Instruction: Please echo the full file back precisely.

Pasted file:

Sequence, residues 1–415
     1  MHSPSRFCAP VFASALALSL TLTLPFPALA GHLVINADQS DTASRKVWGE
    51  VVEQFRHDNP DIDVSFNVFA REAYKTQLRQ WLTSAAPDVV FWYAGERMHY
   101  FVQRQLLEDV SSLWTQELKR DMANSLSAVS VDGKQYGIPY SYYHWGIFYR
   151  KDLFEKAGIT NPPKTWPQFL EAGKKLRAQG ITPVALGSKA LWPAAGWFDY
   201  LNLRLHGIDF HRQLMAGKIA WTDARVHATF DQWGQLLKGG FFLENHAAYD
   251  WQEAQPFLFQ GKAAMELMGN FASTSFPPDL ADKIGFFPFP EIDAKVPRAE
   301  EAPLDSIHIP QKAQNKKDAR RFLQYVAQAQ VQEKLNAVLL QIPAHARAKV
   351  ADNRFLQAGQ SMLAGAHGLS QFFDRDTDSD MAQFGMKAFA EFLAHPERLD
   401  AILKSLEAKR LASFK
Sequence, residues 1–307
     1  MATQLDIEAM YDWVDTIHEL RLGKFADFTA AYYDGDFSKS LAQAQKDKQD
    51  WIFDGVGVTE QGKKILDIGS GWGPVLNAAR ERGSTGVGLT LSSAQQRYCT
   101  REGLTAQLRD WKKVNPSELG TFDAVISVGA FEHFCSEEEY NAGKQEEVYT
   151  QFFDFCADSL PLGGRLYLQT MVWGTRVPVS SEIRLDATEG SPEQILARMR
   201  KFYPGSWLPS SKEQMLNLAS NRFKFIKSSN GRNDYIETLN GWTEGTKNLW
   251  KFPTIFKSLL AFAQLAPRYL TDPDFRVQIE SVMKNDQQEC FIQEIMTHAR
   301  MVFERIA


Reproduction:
Sequence, residues 1–415
     1  MHSPSRFCAP VFASALALSL TLTLPFPALA GHLVINADQS DTASRKVWGE
    51  VVEQFRHDNP DIDVSFNVFA REAYKTQLRQ WLTSAAPDVV FWYAGERMHY
   101  FVQRQLLEDV SSLWTQELKR DMANSLSAVS VDGKQYGIPY SYYHWGIFYR
   151  KDLFEKAGIT NPPKTWPQFL EAGKKLRAQG ITPVALGSKA LWPAAGWFDY
   201  LNLRLHGIDF HRQLMAGKIA WTDARVHATF DQWGQLLKGG FFLENHAAYD
   251  WQEAQPFLFQ GKAAMELMGN FASTSFPPDL ADKIGFFPFP EIDAKVPRAE
   301  EAPLDSIHIP QKAQNKKDAR RFLQYVAQAQ VQEKLNAVLL QIPAHARAKV
   351  ADNRFLQAGQ SMLAGAHGLS QFFDRDTDSD MAQFGMKAFA EFLAHPERLD
   401  AILKSLEAKR LASFK
Sequence, residues 1–307
     1  MATQLDIEAM YDWVDTIHEL RLGKFADFTA AYYDGDFSKS LAQAQKDKQD
    51  WIFDGVGVTE QGKKILDIGS GWGPVLNAAR ERGSTGVGLT LSSAQQRYCT
   101  REGLTAQLRD WKKVNPSELG TFDAVISVGA FEHFCSEEEY NAGKQEEVYT
   151  QFFDFCADSL PLGGRLYLQT MVWGTRVPVS SEIRLDATEG SPEQILARMR
   201  KFYPGSWLPS SKEQMLNLAS NRFKFIKSSN GRNDYIETLN GWTEGTKNLW
   251  KFPTIFKSLL AFAQLAPRYL TDPDFRVQIE SVMKNDQQEC FIQEIMTHAR
   301  MVFERIA